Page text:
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Visitors from Canada and the U.S. will now be required to present a valid passport when entering Mexico as part of the U.S. Western Hemisphere Travel Initiative.
Mexican immigration authorities say the new measure, which began March 1st, is intended to unify documentation rules and travel procedures for all of North America. Travelers within 20 kilometers of the border, those who remain in the country for less than 72 hours, and those aboard cruise ships will be exempt from the new rule.
Around 95 percent of Canadians and 100 percent of U.S. citizens already travel with their passport as both countries require their citizens to present proof of citizenship upon their return. Non-citizens will need the same documents their country requires as proof of residency such as a permanent resident card or a refugee card. Visitors to southern parts of Mexico like the Riviera Maya and those remaining in the country for more than 72 hours will require a tourist card and will be granted one when they arrive to Mexico.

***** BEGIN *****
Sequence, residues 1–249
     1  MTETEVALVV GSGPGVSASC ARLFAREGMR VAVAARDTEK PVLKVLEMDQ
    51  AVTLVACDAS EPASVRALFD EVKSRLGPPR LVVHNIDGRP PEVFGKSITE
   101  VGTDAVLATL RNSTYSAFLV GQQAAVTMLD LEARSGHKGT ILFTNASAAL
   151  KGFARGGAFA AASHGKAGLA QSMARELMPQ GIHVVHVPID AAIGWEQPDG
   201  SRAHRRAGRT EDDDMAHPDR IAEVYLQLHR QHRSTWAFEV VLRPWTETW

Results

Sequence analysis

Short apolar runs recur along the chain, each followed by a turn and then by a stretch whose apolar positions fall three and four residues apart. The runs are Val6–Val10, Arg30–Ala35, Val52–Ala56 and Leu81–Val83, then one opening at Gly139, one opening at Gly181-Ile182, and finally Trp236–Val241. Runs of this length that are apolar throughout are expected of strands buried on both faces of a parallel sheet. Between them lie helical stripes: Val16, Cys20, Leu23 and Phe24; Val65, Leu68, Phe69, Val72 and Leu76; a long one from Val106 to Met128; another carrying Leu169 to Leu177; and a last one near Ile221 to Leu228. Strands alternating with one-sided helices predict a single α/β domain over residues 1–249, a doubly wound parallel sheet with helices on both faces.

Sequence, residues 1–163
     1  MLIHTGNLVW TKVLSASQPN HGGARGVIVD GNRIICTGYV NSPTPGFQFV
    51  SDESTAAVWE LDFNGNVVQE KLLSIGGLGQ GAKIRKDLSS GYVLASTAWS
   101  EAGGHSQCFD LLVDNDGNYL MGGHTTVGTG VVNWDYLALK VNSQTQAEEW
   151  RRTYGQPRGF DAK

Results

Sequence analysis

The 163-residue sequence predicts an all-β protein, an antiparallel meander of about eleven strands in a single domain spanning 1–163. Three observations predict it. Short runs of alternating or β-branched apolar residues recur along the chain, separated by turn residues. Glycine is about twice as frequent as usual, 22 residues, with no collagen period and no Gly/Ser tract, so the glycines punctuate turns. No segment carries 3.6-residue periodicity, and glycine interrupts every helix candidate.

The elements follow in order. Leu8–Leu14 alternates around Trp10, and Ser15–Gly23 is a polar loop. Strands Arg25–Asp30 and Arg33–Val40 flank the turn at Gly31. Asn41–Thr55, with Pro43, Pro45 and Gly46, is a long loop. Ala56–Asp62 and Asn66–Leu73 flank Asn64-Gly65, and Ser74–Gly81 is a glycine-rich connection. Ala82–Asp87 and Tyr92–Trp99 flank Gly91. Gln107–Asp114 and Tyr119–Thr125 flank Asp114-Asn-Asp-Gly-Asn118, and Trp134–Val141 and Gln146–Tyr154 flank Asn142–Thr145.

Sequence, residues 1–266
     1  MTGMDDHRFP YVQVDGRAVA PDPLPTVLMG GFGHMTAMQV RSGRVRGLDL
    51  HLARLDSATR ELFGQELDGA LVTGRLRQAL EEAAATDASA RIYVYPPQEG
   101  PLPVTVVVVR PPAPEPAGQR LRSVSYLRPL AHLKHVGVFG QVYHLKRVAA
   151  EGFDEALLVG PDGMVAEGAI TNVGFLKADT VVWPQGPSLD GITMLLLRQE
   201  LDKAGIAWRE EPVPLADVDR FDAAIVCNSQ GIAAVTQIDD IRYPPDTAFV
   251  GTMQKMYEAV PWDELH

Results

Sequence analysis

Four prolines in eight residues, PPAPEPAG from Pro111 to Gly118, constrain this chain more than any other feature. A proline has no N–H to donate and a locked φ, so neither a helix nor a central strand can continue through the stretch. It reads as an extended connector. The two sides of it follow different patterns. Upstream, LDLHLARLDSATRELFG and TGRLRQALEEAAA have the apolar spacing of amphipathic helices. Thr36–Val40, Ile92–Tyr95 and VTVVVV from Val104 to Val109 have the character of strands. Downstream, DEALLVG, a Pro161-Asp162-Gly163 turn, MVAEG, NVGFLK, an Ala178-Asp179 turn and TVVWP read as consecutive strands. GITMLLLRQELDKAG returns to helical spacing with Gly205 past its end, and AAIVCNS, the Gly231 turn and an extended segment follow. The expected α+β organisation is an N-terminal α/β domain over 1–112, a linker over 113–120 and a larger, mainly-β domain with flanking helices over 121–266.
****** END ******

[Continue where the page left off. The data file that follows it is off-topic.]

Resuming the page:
The Western Hemisphere Travel Initiative was initiated by the U.S. government in response to 9/11 and has included several measures that have been instituted since 2007.